‘Remarkably & worryingly simple’: Man sneaks into ‘sterile’ zone of Marseille Euro 2016 stadium
Located about 3.5 kilometers from Marseille’s city center, Stade Velodrome seats 67,000 people and will host its first Euro 2016 match on Saturday between England and Russia. In the wake of the terror attacks in Paris last November and numerous warnings of possible Islamic State (IS, formerly ISIS/ISIL) strikes, security services are on high alert ahead of the tournament and a higher police presence than usual is in place to stop any terrorism attempts.
With that in mind, a British newspaper, The Sun, decided to check exactly how safe thousands of fans would be attending the football matches in Marseille, which tops the anti-terror list of “sensitive” venues.
In the middle of the day on Thursday – on the eve of Euro 2016 kickoff – a Sun reporter Ross Kempsell, managed to infiltrate the secure area of the stadium unabated, exposing the harsh reality that no real checks were in place to prevent a potential attack. At any given time, if Kempsell was a terrorist, he could have hidden explosives right underneath the stadium.
Kempsell filmed his tour on camera. First, he entered the stadium area through a car gate entrance following a driving vehicle. Security officers were nowhere to be seen. Once inside the immediate sporting venue, he noticed a fence which he approached to find a construction laborer on the other side of the barrier. Without wearing any official uniform or showing any identification or media accreditation, Kempsell asked the worker if he could get into the secure zone of the stadium.
Journalist Ross Kempsell told RT that “it was remarkably and worryingly simple to penetrate security” at the stadium.
“I simply walked around the stadium complex where I did not observe a single police officer in its gates…you had staff at the front of the stadium…but I simply walked around to the rear of the stadium…and came across a group of construction workers who simply waved me through the perimeter barrier,” he said.
The Sun reporter was allowed in to walk freely underneath the massive concrete structure where contractors could be seen finishing the final bits of construction. Already inside, he then asked another worker “is it ok for me to go up there?” to which not only does he get permission but he is also offered a ladder to climb up into a section right below the stadium seats, which no ordinary person would even bother or think of touring.
“Once I was 30 meters inside the supposedly secure zone another builder offered me a ladder so that I could climb a wall and enter even further towards the pitch itself. I believe I was no more than 25 meters away from the pitch. I was allowed to go in freely through the bowels of the stadium complex for over 15 minutes,” Kempsell said.
Already some 30 meters behind the security cordon and venturing deeper into the bowels of the stadium, the correspondent walked past a number of the supporting columns. Kempsell then saw an opening in a wall which led into the alleged boiler room, all this time going unsupervised. After some 20 minutes of an unchallenged tour where no CCTV cameras were observed, Kempsell left the premise.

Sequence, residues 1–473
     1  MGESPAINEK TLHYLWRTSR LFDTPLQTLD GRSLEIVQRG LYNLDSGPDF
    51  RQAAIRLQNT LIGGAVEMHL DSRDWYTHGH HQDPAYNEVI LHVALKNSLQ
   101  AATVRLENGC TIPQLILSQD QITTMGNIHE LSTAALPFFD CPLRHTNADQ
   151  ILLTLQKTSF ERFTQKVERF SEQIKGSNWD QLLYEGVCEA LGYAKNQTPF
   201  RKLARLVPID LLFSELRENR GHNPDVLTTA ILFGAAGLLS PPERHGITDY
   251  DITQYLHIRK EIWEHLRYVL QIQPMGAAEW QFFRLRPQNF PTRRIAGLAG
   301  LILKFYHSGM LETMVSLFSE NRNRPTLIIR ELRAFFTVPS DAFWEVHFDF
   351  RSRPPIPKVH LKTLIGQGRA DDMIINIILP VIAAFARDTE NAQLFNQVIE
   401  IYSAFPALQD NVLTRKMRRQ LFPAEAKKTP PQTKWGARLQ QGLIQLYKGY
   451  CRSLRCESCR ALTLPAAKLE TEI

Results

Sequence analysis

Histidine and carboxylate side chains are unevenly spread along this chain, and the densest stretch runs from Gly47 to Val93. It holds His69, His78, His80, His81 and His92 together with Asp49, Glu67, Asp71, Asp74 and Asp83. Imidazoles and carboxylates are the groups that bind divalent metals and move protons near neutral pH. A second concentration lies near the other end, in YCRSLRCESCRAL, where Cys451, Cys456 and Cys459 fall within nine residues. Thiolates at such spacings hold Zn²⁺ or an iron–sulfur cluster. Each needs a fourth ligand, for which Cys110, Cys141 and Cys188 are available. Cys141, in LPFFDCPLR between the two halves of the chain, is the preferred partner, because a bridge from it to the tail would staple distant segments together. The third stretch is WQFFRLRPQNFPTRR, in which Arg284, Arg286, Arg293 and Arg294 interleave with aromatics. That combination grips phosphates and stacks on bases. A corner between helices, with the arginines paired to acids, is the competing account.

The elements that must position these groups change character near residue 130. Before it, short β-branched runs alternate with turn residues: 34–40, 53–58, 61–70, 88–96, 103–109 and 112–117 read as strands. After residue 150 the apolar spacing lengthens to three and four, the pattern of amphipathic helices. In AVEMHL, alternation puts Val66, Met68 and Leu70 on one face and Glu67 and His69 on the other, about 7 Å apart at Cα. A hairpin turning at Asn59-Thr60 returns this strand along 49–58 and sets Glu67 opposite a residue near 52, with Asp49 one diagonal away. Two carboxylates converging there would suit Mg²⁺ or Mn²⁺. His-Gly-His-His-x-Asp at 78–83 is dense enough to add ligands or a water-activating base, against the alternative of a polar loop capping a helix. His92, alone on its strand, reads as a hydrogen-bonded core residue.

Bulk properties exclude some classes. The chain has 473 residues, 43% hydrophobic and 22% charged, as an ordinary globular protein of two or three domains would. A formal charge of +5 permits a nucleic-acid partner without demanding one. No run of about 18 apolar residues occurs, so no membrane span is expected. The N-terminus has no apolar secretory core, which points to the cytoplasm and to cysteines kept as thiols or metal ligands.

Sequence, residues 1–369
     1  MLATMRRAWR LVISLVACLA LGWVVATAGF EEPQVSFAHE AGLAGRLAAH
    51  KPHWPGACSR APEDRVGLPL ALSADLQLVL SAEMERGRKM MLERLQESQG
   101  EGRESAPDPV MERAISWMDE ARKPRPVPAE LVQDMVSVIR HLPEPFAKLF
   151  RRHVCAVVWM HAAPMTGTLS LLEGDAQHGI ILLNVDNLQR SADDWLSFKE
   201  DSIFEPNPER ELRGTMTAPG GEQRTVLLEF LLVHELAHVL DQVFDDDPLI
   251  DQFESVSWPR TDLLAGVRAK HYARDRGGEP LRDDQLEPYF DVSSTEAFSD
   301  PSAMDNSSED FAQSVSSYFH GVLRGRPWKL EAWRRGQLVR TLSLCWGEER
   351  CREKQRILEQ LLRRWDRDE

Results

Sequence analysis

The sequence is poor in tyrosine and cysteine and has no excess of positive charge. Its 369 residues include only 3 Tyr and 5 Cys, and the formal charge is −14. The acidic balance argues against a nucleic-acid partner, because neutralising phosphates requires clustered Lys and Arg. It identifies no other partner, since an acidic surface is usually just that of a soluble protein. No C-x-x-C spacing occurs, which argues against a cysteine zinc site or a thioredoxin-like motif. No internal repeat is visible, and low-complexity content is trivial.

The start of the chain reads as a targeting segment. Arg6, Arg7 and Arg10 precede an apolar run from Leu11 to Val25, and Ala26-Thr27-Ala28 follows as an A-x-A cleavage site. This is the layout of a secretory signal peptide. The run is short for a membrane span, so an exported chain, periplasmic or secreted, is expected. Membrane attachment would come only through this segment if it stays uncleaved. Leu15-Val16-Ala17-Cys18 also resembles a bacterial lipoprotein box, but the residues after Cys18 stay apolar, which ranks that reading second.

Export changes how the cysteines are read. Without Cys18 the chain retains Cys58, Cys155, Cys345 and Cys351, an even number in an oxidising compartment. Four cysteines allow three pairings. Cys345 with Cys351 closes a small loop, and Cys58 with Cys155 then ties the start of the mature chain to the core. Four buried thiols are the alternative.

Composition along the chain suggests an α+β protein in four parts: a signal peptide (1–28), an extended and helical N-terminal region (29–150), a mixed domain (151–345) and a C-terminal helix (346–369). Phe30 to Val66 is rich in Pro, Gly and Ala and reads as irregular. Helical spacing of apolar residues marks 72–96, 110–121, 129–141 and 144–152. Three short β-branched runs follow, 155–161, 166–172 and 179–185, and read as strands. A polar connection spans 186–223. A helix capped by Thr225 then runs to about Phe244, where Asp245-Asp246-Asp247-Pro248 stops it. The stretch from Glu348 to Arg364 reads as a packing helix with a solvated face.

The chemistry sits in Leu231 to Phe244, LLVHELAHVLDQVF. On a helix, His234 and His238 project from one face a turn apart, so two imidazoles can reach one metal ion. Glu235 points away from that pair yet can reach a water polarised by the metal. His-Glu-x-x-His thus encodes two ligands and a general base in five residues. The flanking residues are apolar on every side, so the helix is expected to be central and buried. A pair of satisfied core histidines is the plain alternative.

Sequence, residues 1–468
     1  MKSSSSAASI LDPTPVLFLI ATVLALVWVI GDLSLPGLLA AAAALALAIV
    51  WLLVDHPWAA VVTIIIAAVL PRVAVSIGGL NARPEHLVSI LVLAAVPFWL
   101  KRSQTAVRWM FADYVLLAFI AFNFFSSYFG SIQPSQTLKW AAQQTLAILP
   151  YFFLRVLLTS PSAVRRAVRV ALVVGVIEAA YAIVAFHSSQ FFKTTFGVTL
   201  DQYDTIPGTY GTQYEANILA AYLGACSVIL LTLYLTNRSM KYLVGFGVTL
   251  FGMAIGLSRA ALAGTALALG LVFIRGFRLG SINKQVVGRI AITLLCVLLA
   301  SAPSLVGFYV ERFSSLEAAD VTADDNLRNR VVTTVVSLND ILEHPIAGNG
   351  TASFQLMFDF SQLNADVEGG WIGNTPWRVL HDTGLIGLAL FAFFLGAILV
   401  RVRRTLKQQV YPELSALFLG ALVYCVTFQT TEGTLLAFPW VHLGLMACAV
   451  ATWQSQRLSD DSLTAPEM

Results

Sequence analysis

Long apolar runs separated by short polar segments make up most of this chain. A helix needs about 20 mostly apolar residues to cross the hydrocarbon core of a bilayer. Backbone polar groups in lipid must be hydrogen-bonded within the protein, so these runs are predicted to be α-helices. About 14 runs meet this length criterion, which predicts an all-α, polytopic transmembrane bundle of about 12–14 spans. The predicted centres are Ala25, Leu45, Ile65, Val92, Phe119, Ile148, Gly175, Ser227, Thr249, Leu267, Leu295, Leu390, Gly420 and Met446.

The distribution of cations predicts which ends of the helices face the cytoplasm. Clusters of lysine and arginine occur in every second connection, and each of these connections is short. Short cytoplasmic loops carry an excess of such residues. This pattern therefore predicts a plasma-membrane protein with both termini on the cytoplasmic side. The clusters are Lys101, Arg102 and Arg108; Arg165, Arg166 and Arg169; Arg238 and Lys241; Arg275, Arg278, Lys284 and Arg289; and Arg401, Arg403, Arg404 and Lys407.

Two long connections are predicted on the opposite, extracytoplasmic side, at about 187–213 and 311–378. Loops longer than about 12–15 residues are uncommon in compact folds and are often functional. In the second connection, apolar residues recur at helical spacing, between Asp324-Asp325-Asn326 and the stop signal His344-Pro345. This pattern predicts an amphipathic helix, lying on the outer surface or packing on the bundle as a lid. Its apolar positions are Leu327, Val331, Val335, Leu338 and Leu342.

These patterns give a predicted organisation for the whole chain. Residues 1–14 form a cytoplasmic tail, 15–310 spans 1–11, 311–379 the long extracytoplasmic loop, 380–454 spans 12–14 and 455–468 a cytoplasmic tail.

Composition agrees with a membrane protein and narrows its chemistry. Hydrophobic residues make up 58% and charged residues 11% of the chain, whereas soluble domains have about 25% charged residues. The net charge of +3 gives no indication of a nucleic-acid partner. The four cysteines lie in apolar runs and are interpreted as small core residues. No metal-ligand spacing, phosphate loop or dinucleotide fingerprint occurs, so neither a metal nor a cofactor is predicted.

What is more, Kempsell claimed that after his 15-minute wander through the stadium he did not come across any of the security guards, nor did he have to go through any kind of screening.
“I received no security screening whatsoever. I simply entered in my plain clothes. I was wearing a red T-shirt and blue jeans. I could’ve been absolutely anybody. Under my clothes I could’ve concealed any device…”
“I wasn’t picked up... I simply left the stadium by the way that I’d come in. I entered through the car park and simply exited through the same gate. At no point was I challenged. At no point did I see anybody other than the builders that waved me through”.
The construction workers were “still completing a security fence”, he noted.
The reporter pointed out that the overall reaction to his way of exposing of the security lapses was mostly positive and that FA has requested an official investigation.
In Marseille, over 65,000 spectators are expected at each of the six matches scheduled at the Velodrome stadium. In addition, up to 80,000 spectators will be able to enjoy the spirit of the tournament on giant screens at fan zones set up on the beaches of Prado. For security reasons, swimming is prohibited on the Prado beaches from 7:00pm to 5:00am. Shoulder-mounted Mistral surface-to-air missile launchers will also be used for security in the French port city.
All security measures will cost €1.85 million ($2.08 million) to the City of Marseille. About 1,000 police officers and 1,850 security personnel are mobilized around the Velodrome and Prado fan area. At least 100 soldiers were also deployed in the city, in addition to some 600 personnel of private security companies. Further security measures include 30 CCTV cameras around the stadium and 11 others in the fan zone area.
In a case of a terrorist attack, an additional 900 civil security servicemen could be mobilized. Some 850 firemen and 80 Red Cross personnel are also on call to help with any emergencies. In addition, 20 health facilities are at the fans disposal.
Stade Velodrome was built for the 1938 Football World Cup. After hosting the international competition it became the home of Olympique de Marseille. New redevelopment plans were presented following France being awarded the Euro 2016 tournament. Reconstruction of the two principal stands added an additional 7,000 seats to the stadiums' capacity. Stade Velodrome also welcomed the construction of a roof that covered the complete stadium. During Euro 2016, Stade Velodrome will host four first-round group matches, a quarter-final, and one of the two semi-finals.